In today’s blog from the frontline of the COVID crisis, we are coming a little closer to home. One of the new members of our team here at Griot is Lette Batten-Turner. She is a remarkable addition, coming from a background of study in international development and participatory communication. Lette was about to launch a project with refugees and asylum seekers, when we went into lockdown. This is the story as it stands:
The current global health pandemic, while disruptive and unpredictable, may provide an opportunity to dynamically reimagine, adapt and grow. This is not to diminish the severity of coronavirus; the impact it will have on the poor, the loss of life and the effect of illness on ourselves and our loved ones.
However, for those of us working in the creative industries and able to stay safe and well, self-isolation is a chance to pause, take stock, and imagine ways to adapt to the current climate we are living in.
Prior to the lockdown, I was in the process of organising a participatory photography project in Brighton, UK, exploring themes of home and displacement with refugees and asylum seekers. Once it became clear that social distancing was the most responsible action, the collaborative project I had envisioned was postponed for the foreseeable future.
This caused me to reflect on the themes I was interested in. The concept of ‘home’ and how we interact with spaces kept coming up. It was a viable topic to explore while in isolation!
I began self-documenting, taking daily photographs visualising my experiences of self-isolation.
I had five 35mm disposable cameras I had planned to use alongside DSLRs in my participatory photography workshops and I began to consider how they could be used to record my community’s experiences.
I live in Hanover, an area of Brighton and Hove with a famous community spirit. The ‘Hanover Community Noticeboard’ Facebook group has over 17,000 members – people who live, or once lived in Hanover. Community members offer advice and stories, the best spots for a roast and free sourdough starter kits!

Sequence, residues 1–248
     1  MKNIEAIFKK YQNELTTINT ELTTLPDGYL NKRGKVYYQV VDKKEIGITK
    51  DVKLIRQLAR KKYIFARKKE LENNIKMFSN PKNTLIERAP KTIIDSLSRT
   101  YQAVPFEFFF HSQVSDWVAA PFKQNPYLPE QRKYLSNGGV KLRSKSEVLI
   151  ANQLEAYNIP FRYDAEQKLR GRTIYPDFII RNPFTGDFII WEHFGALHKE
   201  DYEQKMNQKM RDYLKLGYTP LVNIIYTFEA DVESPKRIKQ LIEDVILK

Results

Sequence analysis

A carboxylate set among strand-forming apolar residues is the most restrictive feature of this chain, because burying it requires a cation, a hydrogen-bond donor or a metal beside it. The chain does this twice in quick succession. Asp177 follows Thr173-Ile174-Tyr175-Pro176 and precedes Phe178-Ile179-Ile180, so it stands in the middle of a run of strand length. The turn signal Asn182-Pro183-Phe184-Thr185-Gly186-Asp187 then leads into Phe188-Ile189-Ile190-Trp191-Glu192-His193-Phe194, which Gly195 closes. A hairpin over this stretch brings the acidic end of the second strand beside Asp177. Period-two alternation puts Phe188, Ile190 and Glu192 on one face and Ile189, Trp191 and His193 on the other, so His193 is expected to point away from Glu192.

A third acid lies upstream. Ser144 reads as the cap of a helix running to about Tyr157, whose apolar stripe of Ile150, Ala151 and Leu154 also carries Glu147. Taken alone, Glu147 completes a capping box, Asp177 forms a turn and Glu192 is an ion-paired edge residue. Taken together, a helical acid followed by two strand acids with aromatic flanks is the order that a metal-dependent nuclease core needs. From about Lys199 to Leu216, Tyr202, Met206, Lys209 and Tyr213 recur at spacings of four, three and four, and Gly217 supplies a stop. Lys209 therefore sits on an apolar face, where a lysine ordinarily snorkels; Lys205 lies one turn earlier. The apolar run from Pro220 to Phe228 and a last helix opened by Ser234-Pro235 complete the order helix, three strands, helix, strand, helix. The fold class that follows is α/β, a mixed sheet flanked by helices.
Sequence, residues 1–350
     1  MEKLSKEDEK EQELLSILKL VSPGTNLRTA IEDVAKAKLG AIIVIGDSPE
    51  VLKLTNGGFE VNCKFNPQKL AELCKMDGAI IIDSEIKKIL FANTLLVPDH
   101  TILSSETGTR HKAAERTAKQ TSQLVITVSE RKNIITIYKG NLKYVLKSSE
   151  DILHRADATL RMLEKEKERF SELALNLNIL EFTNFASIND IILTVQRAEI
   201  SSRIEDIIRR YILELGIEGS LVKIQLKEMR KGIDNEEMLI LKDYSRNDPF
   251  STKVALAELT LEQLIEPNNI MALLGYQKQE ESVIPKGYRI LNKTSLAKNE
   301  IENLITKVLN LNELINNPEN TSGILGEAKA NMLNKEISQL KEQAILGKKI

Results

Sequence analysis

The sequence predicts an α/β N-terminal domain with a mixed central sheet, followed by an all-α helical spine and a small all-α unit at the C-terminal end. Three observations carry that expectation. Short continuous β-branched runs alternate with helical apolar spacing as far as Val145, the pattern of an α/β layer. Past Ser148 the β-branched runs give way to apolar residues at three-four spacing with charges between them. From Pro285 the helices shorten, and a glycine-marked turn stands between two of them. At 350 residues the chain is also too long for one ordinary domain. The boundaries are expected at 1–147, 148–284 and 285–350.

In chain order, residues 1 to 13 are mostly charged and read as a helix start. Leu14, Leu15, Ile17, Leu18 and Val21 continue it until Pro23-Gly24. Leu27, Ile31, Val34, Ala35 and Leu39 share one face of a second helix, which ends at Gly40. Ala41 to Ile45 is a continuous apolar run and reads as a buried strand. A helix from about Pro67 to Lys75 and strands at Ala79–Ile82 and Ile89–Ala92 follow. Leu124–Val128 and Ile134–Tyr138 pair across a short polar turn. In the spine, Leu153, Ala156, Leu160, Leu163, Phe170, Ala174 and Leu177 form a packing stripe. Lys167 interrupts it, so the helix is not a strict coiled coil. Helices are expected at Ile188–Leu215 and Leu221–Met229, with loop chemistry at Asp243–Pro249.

In the age of COVID-19, parents are sharing learning resources for home-schooling, residents are offering free online yoga classes, buying groceries and collecting medicine for those who cannot leave their houses.
This sense of community, so integral to this area, fuelled my interest in how we are all experiencing this period of isolation alone, but at the same time together.
After proposing the project, I almost immediately received messages from around 40 people of different ages, keen to get involved.
Having distributed the five film cameras, I set up a shared platform where others could upload their photographs. The focus is not on the quality of photograph, but on creating a record of how our community came together and experienced this significant period of history in which we are all kept apart.
My interest is in how photography can be used ‘as’ social change, as well as ‘for’ social change. ‘Isolation,
In the same way that participatory photography has been shown to empower communities and individuals, exploring our experiences of self-isolation – moments of frustration, boredom, stillness and peace – and translating them into visual pieces provides a cathartic release in itself.
Over the time we are in isolation, we will be keeping a close eye on Lette’s project and the developments in Brighton and will bring you more on it, when we have it!
All images courtesy of Collette Batten-Turner.